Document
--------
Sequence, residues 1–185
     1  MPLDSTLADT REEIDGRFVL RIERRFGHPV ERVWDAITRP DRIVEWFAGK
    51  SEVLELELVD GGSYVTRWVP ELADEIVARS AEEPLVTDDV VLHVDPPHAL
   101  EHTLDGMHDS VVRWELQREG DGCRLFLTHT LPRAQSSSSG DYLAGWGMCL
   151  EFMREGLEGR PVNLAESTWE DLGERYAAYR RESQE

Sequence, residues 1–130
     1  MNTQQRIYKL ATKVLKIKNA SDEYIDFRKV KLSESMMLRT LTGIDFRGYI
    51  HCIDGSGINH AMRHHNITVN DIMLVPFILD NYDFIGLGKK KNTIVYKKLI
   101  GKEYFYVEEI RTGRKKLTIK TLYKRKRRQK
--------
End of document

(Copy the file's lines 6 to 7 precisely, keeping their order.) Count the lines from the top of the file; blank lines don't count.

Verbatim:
Sequence, residues 1–130
     1  MNTQQRIYKL ATKVLKIKNA SDEYIDFRKV KLSESMMLRT LTGIDFRGYI